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I wrote a small program which shows all possible permutations of choosing m integers from the set \${1, 2, ..., n}\$, as follows:

def perm(nlist, m):
    """
    Find all possible permutations of choosing m integers from a len(n)-list.

    INPUT:         
    @para nlist: a list of length n.
    @para m: a integer.

    OUTPUT:
    All permutations arranged in ascending order lexicographically.
    """ 
    if m > len(nlist):
        return 
    if m == 0 or m == len(nlist):
        return [[]]
    results = []            
    for list_i in nlist:
        temp = list(nlist)          
        temp.remove(list_i)
        results.extend(map(lambda x: [list_i] + x, perm(temp, m-1)))
    return results

However, this code is inefficient. Perhaps the recursive structure is not well-designed. How can I improve this code?

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  • \$\begingroup\$ If m == len(nlist) then shouldn't it return [nlist] instead of [[]]? \$\endgroup\$ – 200_success Sep 23 '13 at 2:40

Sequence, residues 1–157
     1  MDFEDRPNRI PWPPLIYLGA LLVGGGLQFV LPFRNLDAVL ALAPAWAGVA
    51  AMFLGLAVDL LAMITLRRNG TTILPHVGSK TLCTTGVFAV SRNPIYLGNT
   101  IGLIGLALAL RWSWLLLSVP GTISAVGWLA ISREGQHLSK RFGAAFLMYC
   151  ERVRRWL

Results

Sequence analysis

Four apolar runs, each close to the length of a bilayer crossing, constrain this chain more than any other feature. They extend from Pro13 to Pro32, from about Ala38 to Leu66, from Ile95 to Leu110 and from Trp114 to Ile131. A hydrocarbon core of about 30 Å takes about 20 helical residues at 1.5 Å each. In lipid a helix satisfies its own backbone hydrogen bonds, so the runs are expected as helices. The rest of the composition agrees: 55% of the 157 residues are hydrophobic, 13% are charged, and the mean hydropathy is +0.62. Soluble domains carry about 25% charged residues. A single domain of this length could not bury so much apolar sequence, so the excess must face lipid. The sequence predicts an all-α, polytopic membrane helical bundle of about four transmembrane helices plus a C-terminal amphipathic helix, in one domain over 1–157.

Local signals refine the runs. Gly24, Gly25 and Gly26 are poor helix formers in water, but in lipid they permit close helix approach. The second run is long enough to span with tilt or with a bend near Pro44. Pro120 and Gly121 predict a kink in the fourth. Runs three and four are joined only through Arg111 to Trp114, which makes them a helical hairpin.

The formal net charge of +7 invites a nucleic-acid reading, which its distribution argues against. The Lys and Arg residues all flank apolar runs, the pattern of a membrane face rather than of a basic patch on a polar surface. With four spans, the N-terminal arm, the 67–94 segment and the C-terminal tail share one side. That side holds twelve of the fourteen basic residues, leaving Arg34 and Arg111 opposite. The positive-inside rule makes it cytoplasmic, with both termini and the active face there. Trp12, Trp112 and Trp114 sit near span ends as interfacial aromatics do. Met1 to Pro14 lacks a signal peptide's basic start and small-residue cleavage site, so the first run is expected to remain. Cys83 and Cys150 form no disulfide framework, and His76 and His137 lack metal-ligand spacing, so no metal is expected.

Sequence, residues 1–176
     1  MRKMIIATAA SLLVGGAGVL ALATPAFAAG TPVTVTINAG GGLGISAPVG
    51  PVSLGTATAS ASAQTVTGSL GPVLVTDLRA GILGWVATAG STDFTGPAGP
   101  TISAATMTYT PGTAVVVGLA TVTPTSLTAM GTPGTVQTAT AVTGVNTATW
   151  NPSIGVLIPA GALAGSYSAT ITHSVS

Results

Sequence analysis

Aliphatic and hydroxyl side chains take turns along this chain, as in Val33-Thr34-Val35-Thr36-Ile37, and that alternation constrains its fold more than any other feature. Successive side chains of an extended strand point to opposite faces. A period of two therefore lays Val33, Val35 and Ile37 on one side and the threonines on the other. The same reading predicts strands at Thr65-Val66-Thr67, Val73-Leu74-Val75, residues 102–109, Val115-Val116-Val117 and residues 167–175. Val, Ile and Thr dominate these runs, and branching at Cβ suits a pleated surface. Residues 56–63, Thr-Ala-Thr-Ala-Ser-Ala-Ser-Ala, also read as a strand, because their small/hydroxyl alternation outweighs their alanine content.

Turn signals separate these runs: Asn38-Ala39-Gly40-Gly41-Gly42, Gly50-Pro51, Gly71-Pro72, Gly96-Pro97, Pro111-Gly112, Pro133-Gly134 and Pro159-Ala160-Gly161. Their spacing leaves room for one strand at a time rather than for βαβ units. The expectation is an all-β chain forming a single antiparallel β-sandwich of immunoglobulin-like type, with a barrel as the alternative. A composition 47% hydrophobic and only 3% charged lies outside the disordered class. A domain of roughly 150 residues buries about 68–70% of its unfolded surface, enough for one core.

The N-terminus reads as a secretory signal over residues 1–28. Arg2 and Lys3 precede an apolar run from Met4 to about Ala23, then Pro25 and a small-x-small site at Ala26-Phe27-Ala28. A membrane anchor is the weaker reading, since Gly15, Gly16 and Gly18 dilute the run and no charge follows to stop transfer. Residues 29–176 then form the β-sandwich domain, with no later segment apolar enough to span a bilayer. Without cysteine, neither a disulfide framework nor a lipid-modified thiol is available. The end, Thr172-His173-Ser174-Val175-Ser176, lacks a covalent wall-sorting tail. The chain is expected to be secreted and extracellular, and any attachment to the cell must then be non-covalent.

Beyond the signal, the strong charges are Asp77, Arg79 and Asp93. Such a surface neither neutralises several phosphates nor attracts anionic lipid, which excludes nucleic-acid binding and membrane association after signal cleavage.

• \$\begingroup\$ @200_success Return [nlist] does not work in this recursive structure, which is to select the first element of a list recursively until empty. \$\endgroup\$ – fishiwhj Sep 23 '13 at 3:15
  • 1
    \$\begingroup\$ m == len(nlist) is simply not a base case; it should flow through for normal handling. (It should return neither [[]] nor [nlist] — both are wrong.) \$\endgroup\$ – 200_success Sep 23 '13 at 3:52
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    \$\begingroup\$ @fishiwhj Python standard library has a function for permutations. It's worth using instead of homebrew one unless you are studying programming/algorithms: docs.python.org/2/library/itertools.html \$\endgroup\$ – Roman Susi Sep 23 '13 at 9:13
  • \$\begingroup\$ @RomanSusi Thanks! Maybe I can read the source code of the permutation function in Python standard library. \$\endgroup\$ – fishiwhj Sep 23 '13 at 9:23
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As noted by 200_success in the comments, the m == len(nlist) check is a bug that can be fixed by simply removing the condition.

Also, if m > len(nlist): return is almost redundant because you would get an empty list as the result anyway in that case. (The deepest levels of recursion give empty results when the list runs out and the emptiness propagates all the way up)

Turning the function into a generator simplifies it and speeds it up at the same time: from 10.9 ms to 6.6 ms for the case perm(range(6), 6). (Of course I wrapped that in list() when timing the generator version)

def perm(nlist, m):
    if m == 0:
        yield []
        return

    for list_i in nlist:
        temp = list(nlist)          
        temp.remove(list_i)
        for p in perm(temp, m-1):
            yield [list_i] + p
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